Swans Commentary » swans.com September 10, 2007  



Preemptive Retreat


by Peter Byrne





(Swans - September 10, 2007)  

He:  There'll be no peace unless I hit them hard.

She:  Did those kids dis you again?

He:  They're preparing mayhem behind that fence.

She:  Rigging up longer peashooters?

He:  I think I saw a slingshot. Do the Geneva Conventions allow those?

She:  If they only flick out bits of garbage.

He:  Only? Today it's rotten tomatoes but if they're not stopped what will it be tomorrow?

She:  Watermelon rinds, if the heat wave continues.

He:  As longtime resident in what's the finest middle-range property in the street, it falls to me to strike a blow for the common good.

She:  I'd think about group decision-making. Consult your allies on the block.

He:  They won't lift their butts off their front porch except to turn the other cheek. I'd have firepower zero with that coalition of neutrals. I'm not going to shut those kids up with a frozen-smile Peace Corps.

She:  The neighbors might be pushed to sign a petition. Give them a good scare with your bungalow-of-evil speech and shove a ballpoint at them. You want to isolate the rogue family.

He:  None of that no-cojones guff for me. It's the neighbors' moment of truth. Either they're with me or, you know, not.

She:  I thought your powwow with the kids' papa last week stabilized the conflict.

He:  That ape thinks cooperation's something a doctor does with a scalpel. I don't think he understands English.

She:  Then it's a case for international arbitration. Go see the alderman of our ward.

He:  And be unmanned by red tape? That municipal shrink always comes up with the same advice: Give the other guy a bear hug and join a therapy group.

She:  I thought the anger-management officer was helpful when they fined you for parking in the disabled slot.

He:  Helpful! Her level playing field's for mountaineers. She wouldn't even look at my trick knee. As if there aren't part-time invalids who only limp in heavy dew.

She:  You could go for sanctions.

He:  Sure, I could go over there and knock the crap out of the kids.

She:  Think dirty tricks. Fake some figures on how they're bringing property values down, write an anonymous letter to the truant officer, drop hints about a marijuana plantation in their chicken coop.

He:  I told you what those kids called me.

She:  Well, you are overweight.

He:  What's that got to do with it? "Friggin' fathead," they said. Me, with my M-sized White Sox cap.

She:  What did their old man say about that?

He:  He said he never listens to what his kids say. He practically accused me of eavesdropping. Can you imagine? I was minding my own business and going after them with the garden rake.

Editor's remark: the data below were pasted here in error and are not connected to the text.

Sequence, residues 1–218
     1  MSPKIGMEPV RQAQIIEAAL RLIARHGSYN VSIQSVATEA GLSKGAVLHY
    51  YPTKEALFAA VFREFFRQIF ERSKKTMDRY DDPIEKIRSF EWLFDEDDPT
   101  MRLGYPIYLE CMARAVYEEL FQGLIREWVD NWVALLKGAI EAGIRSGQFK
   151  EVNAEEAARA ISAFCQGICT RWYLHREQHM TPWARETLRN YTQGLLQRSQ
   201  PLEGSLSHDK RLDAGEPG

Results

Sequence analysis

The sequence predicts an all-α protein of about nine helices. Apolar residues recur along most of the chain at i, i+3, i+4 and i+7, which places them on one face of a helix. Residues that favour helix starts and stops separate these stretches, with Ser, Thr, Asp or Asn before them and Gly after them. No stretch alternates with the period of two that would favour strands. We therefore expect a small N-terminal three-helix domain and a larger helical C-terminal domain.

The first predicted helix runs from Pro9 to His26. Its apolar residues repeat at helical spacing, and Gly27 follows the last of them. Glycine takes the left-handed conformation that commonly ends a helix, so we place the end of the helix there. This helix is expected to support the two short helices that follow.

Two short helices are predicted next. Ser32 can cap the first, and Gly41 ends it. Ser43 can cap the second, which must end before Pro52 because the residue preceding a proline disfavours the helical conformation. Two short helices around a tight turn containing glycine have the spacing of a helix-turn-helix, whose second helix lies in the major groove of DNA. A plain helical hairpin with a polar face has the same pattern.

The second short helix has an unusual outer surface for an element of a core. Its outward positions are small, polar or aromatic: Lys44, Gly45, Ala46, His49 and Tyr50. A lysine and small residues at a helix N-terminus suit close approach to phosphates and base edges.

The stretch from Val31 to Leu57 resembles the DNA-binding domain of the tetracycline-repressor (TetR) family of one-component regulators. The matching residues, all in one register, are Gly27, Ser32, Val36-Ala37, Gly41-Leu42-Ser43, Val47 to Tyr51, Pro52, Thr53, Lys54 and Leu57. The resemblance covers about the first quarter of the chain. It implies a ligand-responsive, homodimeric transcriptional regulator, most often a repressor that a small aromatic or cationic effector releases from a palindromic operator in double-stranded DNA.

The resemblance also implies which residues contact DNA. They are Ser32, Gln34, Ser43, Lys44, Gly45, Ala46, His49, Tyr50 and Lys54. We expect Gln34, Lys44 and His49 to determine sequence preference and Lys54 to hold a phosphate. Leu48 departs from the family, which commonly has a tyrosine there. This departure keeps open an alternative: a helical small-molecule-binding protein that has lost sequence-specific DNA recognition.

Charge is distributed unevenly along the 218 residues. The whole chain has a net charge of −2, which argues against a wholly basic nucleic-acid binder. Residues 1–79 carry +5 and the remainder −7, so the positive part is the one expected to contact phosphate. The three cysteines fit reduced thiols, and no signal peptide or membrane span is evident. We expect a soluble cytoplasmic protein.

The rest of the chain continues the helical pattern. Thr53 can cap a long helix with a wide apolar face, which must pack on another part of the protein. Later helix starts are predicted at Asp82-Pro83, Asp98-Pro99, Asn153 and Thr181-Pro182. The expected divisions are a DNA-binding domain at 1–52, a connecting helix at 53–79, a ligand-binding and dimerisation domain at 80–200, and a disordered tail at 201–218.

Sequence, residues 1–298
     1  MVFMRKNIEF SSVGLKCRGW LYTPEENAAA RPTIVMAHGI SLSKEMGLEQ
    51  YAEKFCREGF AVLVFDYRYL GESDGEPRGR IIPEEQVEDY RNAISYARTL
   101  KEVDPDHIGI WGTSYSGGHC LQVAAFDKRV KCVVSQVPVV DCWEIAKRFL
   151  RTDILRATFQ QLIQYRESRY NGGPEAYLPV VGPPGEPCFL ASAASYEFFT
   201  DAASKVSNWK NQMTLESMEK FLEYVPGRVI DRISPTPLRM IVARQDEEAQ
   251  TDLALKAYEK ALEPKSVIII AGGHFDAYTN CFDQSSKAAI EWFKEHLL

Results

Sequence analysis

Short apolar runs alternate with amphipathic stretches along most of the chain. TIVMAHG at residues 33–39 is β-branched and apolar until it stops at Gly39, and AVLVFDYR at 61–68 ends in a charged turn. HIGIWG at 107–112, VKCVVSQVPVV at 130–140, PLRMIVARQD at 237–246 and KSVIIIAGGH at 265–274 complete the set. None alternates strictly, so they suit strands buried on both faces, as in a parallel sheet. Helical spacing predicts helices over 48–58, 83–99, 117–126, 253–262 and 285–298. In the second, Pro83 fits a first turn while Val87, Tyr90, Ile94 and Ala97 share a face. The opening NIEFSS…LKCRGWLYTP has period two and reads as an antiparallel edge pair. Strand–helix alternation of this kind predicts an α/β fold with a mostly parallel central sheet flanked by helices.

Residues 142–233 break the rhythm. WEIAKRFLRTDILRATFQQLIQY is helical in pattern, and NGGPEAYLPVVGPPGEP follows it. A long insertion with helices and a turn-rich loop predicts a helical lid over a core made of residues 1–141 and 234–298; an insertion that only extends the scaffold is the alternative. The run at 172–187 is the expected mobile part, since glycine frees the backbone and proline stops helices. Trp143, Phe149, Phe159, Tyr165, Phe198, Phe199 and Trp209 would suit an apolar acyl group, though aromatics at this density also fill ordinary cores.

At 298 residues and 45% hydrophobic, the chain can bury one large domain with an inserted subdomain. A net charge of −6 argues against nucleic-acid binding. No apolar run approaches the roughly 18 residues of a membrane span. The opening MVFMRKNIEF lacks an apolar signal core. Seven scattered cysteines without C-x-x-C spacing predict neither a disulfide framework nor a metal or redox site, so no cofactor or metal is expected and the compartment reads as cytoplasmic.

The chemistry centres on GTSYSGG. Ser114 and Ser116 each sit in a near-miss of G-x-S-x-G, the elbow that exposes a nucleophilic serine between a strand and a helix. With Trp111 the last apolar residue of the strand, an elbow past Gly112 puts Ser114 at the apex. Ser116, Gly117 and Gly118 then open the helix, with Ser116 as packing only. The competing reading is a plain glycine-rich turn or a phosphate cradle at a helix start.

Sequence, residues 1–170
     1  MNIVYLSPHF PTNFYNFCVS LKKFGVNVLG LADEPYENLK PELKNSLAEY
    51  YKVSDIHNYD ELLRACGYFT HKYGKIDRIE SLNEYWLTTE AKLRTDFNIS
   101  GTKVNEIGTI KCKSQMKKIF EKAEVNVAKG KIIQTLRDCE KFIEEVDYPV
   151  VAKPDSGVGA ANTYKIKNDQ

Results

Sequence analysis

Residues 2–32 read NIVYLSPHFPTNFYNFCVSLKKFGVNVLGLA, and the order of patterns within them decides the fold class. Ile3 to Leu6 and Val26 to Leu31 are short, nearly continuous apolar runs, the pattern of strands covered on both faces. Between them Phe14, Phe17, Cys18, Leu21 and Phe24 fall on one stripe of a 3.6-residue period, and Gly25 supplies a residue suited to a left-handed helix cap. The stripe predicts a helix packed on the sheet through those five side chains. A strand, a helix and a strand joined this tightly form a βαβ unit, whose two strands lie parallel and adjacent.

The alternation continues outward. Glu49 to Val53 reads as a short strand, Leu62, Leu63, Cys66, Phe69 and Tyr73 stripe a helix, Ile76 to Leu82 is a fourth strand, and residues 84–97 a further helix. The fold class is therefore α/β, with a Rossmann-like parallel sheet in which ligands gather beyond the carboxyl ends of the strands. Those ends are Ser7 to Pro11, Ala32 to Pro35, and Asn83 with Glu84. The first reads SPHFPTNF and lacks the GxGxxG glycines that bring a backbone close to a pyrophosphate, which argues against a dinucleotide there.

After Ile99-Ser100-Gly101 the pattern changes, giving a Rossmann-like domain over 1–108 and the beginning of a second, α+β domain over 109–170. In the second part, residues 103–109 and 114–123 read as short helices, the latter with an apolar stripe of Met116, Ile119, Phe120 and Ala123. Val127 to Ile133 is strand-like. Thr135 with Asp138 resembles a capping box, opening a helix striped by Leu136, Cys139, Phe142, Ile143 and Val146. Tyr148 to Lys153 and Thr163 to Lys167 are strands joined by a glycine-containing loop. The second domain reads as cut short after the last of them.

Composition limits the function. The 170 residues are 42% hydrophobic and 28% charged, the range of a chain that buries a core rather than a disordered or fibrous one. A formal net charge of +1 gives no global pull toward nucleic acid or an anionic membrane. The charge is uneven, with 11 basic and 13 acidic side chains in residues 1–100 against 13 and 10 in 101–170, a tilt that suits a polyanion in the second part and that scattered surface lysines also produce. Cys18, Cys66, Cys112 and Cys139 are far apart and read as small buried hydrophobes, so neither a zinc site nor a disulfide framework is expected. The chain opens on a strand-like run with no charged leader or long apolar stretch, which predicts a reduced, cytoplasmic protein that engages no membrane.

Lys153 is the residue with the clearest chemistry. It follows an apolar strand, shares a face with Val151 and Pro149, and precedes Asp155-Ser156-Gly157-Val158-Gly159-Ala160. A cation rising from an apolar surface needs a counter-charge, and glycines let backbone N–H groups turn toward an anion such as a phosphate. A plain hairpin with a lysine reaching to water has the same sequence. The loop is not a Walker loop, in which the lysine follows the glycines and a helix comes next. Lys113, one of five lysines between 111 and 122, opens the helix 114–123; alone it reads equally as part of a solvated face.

She:  So he speaks English then?

He:  No, he shouts it. Bad eyesight, too. He kept calling me a mother.

She:  Containment's your best bet for foulmouthed kids.

He:  I think so too. Their wooden fence would burn like tinder. I'll get it blazing on four sides and put a lid on the oven.

She:  Don't talk crazy. We wouldn't have a demographic chance. The mariachi serenaders would put you on sleeping pills.

He:  The shock of one awful lunge of my power mower into their bikes and they'll sue for peace. Mission, you know, crowned with flowers.

She:  You'll have an insurrection on your hands. They'll paint misspelled insults on our garage.

He:  So I'll paint them over with patriotic stuff: Uncle Sam Wants YOU Out.

She:  And when they put glue in your keyhole and slice up your tires?

He:  The little bastards have to fight fair. There are rules of decency in war.

She:  Skip containment then and switch to an anti-surge strategy: You go in and out of our back door and never walk past their house.

He:  Me cut and run? Why I'd lose all credibility in the neighborhood. He's a wimp, they'd say. We'll go change our oil in his driveway. Bring your Great Dane to dump on his lawn. Let's go take a leak on his barbecue.

She:  If that big dark guy is the kids' dad, I'd certainly opt for conflict resolution.

He:  Never. Do I look risk-adverse? I'm a front-door man.

She:  I was behind him at the supermarket payout. He's got a skull and crossbones tattooed on each arm.

He:  Primitive nonsense. Voodoo.

She:  Could be, but look out for deterioration in the global security environment. There's a lot of muscle under the tattoos.

He:  I'll zap him with technology. He's never been stared at by night-vision goggles.

She:  I'd advise disengagement. Not everyone has an exit strategy in his own backyard. Use it. The hell with benchmarks. Keep out of the way and wait for cooler weather. This isn't the decade for action.

He:  And what happens when the kids get their muscles tattooed as well?

She:  Do we want to be paying hospital bills and telling lies to lawyers?

He:  Sometimes I wonder if you are with me or against me?

She:  Methinks our destinies are entwined like the pooch and his tapeworm.

He:  I'm sure the muscle dad wouldn't hit a woman or stomp her pet.

She:  Huh-huh. You want to negotiate.

He:  Just amble over to their place with the pooch. There must be a female amongst that crowd. Tell her your husband used to love kids but his nerves have snapped.

She:  And then?

He:  Well, you know how superstitious they are. They have a thing about not killing people. Tell them a ruckus in the street could end my earthly days. Ask them pointblank if they want me to snuff it.

She:  Shall I mention your trick knee?

He:  Let's call it a war wound. But you can tell them that deep down I'm a pacifist.


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Swans -- ISSN: 1554-4915
URL for this work: http://www.swans.com/library/art13/pbyrne45.html
Published September 10, 2007